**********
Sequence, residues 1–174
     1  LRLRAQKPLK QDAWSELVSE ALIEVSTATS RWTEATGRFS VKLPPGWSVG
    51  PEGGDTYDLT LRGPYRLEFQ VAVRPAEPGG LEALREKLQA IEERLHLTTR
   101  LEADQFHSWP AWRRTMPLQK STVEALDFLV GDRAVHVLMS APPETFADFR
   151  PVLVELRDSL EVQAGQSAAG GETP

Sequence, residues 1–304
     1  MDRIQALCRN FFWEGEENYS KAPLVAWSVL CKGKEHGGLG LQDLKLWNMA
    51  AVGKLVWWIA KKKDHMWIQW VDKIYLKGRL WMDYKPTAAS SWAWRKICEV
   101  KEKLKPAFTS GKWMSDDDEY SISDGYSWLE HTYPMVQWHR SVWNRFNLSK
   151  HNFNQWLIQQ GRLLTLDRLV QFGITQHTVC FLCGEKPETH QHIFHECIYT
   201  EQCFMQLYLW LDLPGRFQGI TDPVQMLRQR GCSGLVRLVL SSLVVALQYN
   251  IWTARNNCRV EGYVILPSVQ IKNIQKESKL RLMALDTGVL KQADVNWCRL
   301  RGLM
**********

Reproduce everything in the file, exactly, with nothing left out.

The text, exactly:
Sequence, residues 1–174
     1  LRLRAQKPLK QDAWSELVSE ALIEVSTATS RWTEATGRFS VKLPPGWSVG
    51  PEGGDTYDLT LRGPYRLEFQ VAVRPAEPGG LEALREKLQA IEERLHLTTR
   101  LEADQFHSWP AWRRTMPLQK STVEALDFLV GDRAVHVLMS APPETFADFR
   151  PVLVELRDSL EVQAGQSAAG GETP

Sequence, residues 1–304
     1  MDRIQALCRN FFWEGEENYS KAPLVAWSVL CKGKEHGGLG LQDLKLWNMA
    51  AVGKLVWWIA KKKDHMWIQW VDKIYLKGRL WMDYKPTAAS SWAWRKICEV
   101  KEKLKPAFTS GKWMSDDDEY SISDGYSWLE HTYPMVQWHR SVWNRFNLSK
   151  HNFNQWLIQQ GRLLTLDRLV QFGITQHTVC FLCGEKPETH QHIFHECIYT
   201  EQCFMQLYLW LDLPGRFQGI TDPVQMLRQR GCSGLVRLVL SSLVVALQYN
   251  IWTARNNCRV EGYVILPSVQ IKNIQKESKL RLMALDTGVL KQADVNWCRL
   301  RGLM